When a white dwarf shares a solar system with a full-sized companion star, sometimes it will siphon gas from its larger neighbor. The accreted hydrogen and helium builds up on the surface of the white dwarf until it reaches a critical temperature and pressure. Thermonuclear fusion ignites, combining the hydrogen into heavier elements and releasing a burst of energy and material across the surface of the white dwarf. That type of stellar explosion is called a nova.
But astronomers have recently discovered another way that white dwarfs can rapidly burn off some of their stolen gains: micronovae.
Micronovae are small explosions compared to novae, hence their name. That’s because micronovae are contained near the magnetic poles of white dwarfs. An initial paper detailing the findings was published in Nature on April 20, and a follow-up paper has been accepted to The Monthly Notices of Royal Astronomical Society.
Don’t let their name fool you, these new stellar explosions are still extremely powerful. Even at just one millionth of the strength of a novae, micronovae release about 40 million trillion pounds (20 million trillion kilograms) of material. That’s 3.5 billion Great Pyramids of Gizas worth of material.
So why haven’t astronomers caught a micronova before?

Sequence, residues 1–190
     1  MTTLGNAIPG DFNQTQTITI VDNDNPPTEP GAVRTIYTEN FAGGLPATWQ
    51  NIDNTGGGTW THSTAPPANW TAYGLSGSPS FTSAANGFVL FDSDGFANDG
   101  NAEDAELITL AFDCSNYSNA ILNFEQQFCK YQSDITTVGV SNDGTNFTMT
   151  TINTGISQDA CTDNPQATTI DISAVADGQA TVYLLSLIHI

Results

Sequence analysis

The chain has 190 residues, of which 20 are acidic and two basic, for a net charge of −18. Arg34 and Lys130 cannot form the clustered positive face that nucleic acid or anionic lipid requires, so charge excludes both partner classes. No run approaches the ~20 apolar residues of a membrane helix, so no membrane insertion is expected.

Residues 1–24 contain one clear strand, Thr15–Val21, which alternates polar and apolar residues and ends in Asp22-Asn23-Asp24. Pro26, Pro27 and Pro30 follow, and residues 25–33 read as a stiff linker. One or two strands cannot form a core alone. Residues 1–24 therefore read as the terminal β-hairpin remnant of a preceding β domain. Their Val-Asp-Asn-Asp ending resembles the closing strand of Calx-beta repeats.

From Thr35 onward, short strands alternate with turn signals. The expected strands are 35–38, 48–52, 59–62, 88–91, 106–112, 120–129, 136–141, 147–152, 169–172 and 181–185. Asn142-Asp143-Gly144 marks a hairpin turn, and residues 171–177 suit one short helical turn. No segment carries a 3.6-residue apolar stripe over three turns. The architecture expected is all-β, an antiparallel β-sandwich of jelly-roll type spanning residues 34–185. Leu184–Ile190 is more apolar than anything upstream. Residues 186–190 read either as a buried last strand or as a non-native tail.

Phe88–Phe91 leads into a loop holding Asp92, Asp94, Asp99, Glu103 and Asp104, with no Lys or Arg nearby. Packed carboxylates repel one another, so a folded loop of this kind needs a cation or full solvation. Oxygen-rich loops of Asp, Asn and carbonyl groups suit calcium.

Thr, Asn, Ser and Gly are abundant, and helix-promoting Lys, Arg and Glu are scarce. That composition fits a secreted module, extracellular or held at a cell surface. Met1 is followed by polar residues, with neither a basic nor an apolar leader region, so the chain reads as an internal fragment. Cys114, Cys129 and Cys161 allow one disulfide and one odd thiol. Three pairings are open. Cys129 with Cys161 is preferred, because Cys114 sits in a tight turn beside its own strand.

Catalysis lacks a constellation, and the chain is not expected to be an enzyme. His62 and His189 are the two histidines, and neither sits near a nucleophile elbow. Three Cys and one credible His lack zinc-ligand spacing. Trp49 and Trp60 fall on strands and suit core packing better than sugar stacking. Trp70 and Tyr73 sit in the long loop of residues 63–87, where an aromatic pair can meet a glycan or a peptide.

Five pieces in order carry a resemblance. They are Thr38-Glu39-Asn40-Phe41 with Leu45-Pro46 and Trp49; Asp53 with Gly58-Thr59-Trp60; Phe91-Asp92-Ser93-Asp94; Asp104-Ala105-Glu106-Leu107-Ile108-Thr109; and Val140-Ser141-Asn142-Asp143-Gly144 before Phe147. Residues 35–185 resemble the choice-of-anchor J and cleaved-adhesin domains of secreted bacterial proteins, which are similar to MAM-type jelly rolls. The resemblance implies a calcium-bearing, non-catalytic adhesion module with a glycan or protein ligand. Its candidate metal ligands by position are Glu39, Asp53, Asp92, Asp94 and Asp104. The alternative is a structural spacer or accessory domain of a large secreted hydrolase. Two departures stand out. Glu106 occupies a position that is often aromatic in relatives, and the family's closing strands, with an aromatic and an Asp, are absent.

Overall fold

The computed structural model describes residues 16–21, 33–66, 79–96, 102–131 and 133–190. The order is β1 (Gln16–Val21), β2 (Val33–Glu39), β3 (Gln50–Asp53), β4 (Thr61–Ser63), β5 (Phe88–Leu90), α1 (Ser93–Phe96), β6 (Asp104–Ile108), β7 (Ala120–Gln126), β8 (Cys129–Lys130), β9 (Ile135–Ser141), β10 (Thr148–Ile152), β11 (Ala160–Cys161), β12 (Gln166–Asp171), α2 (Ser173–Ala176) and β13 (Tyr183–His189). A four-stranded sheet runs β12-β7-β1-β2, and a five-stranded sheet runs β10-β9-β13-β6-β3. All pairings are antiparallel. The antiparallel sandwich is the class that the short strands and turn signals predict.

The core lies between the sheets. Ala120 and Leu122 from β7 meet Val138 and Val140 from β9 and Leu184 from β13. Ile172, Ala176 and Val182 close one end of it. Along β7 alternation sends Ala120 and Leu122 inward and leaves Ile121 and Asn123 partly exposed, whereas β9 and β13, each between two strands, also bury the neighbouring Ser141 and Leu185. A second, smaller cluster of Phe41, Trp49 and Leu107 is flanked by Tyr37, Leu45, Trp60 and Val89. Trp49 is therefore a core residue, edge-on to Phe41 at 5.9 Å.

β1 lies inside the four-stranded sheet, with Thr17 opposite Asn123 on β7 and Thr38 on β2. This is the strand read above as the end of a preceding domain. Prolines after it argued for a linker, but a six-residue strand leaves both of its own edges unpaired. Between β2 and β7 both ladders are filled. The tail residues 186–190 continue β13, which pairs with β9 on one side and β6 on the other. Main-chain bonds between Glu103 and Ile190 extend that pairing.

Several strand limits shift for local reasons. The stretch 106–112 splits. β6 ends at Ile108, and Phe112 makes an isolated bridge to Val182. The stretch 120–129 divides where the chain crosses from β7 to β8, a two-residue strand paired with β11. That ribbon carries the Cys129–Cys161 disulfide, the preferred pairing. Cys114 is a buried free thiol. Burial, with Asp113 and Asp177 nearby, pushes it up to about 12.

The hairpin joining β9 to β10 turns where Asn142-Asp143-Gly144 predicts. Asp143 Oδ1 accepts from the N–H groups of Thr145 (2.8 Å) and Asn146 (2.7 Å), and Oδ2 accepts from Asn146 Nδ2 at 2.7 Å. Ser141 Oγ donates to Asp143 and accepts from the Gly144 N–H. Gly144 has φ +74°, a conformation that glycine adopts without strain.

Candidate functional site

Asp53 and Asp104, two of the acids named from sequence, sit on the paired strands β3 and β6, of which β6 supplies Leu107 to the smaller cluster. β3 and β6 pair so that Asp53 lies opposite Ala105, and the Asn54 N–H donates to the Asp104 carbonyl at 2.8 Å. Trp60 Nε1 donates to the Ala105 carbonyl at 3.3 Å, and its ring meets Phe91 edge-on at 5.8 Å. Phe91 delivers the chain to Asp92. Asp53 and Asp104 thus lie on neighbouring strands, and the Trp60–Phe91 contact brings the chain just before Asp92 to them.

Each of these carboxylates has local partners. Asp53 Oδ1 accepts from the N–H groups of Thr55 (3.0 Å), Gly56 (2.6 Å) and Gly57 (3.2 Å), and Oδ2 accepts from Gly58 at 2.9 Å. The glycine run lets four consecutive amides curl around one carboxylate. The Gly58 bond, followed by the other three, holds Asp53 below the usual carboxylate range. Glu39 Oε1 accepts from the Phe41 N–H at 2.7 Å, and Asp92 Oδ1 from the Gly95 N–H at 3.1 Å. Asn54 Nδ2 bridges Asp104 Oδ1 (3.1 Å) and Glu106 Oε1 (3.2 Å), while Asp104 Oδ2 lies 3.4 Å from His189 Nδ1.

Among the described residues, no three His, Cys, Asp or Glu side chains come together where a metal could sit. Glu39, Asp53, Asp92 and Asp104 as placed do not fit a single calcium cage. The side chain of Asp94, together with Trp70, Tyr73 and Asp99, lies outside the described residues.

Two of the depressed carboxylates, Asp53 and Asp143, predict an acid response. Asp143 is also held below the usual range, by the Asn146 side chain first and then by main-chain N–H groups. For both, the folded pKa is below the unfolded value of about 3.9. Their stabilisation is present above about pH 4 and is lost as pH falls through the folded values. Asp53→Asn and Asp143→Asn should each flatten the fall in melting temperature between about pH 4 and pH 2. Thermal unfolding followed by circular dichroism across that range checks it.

“It just goes to show how dynamic the Universe is,” said Simone Scaringi, who led the study published in Nature, in a press release. “These events may actually be quite common, but because they are so fast they are difficult to catch in action.”
While classical novae light up a white dwarf for several weeks, micronovae only shine for a few hours. It was only while analyzing data from NASA’s Transiting Exoplanet Survey Satellite (TESS) that the team even spotted the first micro-explosion. Looking further, the team found a few more signals, observing three in total.
Because the discovery is so recent, astronomers aren’t sure exactly how micronovae play into classical novae. Initially, one might think that micronovae could be the result of a white dwarf not being able to accumulate enough material to coat its entire surface and undergo a classical nova. But the astronomers found at least one of the observed white dwarfs has experienced both novae and micronovae in its past, complicating the connection.
“From our current interpretation, an accreting white dwarf will undergo a micronova if the following criteria are met,” Scaringi told Astronomy in an email. “One, the white dwarf must possess a strong enough magnetic field to funnel material onto the magnetic poles. Two, the accreted material needs to … remain magnetically confined [there]. And three, the white dwarf mass needs to be relatively high.”
More work and modeling is needed to fully grasp what precipitates a white dwarf to experience a micronova event. However, the team is hopeful that large scale surveys partnered with quick follow-ups from telescopes like VLT will unlock the mysteries of these new explosions.